This year will see a major change implemented in the Gaelic football championship. Having initially been delayed due to the pandemic, the Tailteann Cup will finally become part of the summer.
The competition will see Division 3 and Division 4 teams (as they stand at the end of the 2022 league campaign) enter into a second tier All-Ireland series at the conclusion of the provincial championships, unless they manage to reach the final within their province.
It has been introduced with the goal of giving weaker teams more to fight for during the summer, although it also seems to be a competition that the vast majority of counties hope to avoid.
It also has interesting permutations for this year's league. Division 2 teams will be hoping to avoid relegation so as to have a chance to battle for the Sam Maguire. Some have also suggested the possibility that some teams near the top of Division 3 could hope to avoid promotion so they have the opportunity to win a the second tier competition this year.
However, Kevin McStay thinks that second scenario is very unlikely.
Kevin McStay already worried about Tailteann Cup
Speaking on the RTÉ GAA Podcast, the former Roscommon manager said that inter-county players will always to compete at the highest level possible. He also said he is worried that the Tailteann Cup is already becoming an afterthought for many around the country before the competition has even kicked off.
Lads always said that what they want is a crack in the Sam Maguire championship. My fear is that the way the conversation nationally is going, is that the Tailteann Cup is being spoke about in the pejorative all the time...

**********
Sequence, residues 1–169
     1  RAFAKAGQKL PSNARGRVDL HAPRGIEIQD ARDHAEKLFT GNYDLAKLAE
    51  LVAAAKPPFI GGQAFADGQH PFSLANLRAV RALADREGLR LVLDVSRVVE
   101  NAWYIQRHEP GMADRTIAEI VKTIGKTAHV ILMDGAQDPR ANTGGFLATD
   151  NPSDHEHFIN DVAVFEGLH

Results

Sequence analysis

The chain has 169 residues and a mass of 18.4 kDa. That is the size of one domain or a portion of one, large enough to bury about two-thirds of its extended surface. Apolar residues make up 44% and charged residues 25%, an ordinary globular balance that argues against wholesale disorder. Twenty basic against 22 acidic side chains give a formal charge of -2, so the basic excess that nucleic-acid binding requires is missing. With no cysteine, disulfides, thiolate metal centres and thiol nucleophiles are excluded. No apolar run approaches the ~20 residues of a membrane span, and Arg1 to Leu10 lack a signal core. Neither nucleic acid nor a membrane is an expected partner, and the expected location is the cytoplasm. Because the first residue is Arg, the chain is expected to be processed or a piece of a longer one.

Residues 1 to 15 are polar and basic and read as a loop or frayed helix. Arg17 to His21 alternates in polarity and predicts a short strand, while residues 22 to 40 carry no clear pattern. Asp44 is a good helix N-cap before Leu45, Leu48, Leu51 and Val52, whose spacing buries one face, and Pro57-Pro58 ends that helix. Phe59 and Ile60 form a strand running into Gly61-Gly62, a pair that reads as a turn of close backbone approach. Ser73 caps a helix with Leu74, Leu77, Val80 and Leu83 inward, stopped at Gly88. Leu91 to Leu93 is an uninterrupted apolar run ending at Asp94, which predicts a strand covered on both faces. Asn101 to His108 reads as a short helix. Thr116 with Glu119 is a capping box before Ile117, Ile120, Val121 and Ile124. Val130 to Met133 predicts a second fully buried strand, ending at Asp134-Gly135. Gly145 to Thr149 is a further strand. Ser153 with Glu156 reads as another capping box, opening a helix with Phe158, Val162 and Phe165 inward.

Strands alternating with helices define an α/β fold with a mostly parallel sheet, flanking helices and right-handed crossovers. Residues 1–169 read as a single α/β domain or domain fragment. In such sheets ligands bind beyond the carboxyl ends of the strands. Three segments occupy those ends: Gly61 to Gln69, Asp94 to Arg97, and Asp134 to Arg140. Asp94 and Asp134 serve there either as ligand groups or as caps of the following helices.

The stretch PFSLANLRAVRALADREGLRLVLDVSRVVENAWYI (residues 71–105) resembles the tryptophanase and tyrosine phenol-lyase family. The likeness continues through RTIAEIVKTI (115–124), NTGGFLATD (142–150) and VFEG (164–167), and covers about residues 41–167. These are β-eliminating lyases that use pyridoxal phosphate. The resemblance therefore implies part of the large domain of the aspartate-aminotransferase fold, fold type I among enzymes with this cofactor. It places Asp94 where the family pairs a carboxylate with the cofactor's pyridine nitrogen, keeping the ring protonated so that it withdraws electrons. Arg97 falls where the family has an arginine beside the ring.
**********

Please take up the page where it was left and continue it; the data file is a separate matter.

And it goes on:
That is wrong of all of us. It has to be given a chance to blossom at least.
I'm on the record as saying the fact that it's not an All-Ireland curtain raiser is appalling and nobody will argue otherwise. I've heard nonsense coming from Croke Park, I don't buy it at all. That they would be lost in the buildup of All-Ireland final week, absolute nonsense.
It’s a big task for the GAA to launch this Tailteann Cup, nourish it and make sure it flourishes...
This happened in my own time. You're fighting to get out of Division 2 with Roscommon, full in the knowledge that if you get up into Division 1 that it's going to be really difficult to stay with the big boys.
Think of a competitive footballer. He wants to get out of Division 3. If he’s in the Tailteann Cup, it means one thing: he didn’t get out of it. He wants to get to Division 2.
I think if you are doing an audit at the end of the season and saying, ‘we’re Division 3 champs, we're gone into Division 2, we played in the All-Ireland, maybe a sour end if you get heavily beaten in the qualifiers, but it was a great season.
I think that’s a better credit balance than we didn’t get out of Division 3, and we might or might not have won the Tailteann Cup.
The idea of holding the Tailteann Cup final before the traditional All-Ireland final seemed like an excellent way to ensure the competition receives the respect that it needs to flourish, with the GAA's decision not to do so seeming like a big mistake.
The tournament could yet turn out to be a welcome addition to the 2022 schedule, although you certainly get the sense that it is already struggling to establish itself as an integral part of the GAA calendar.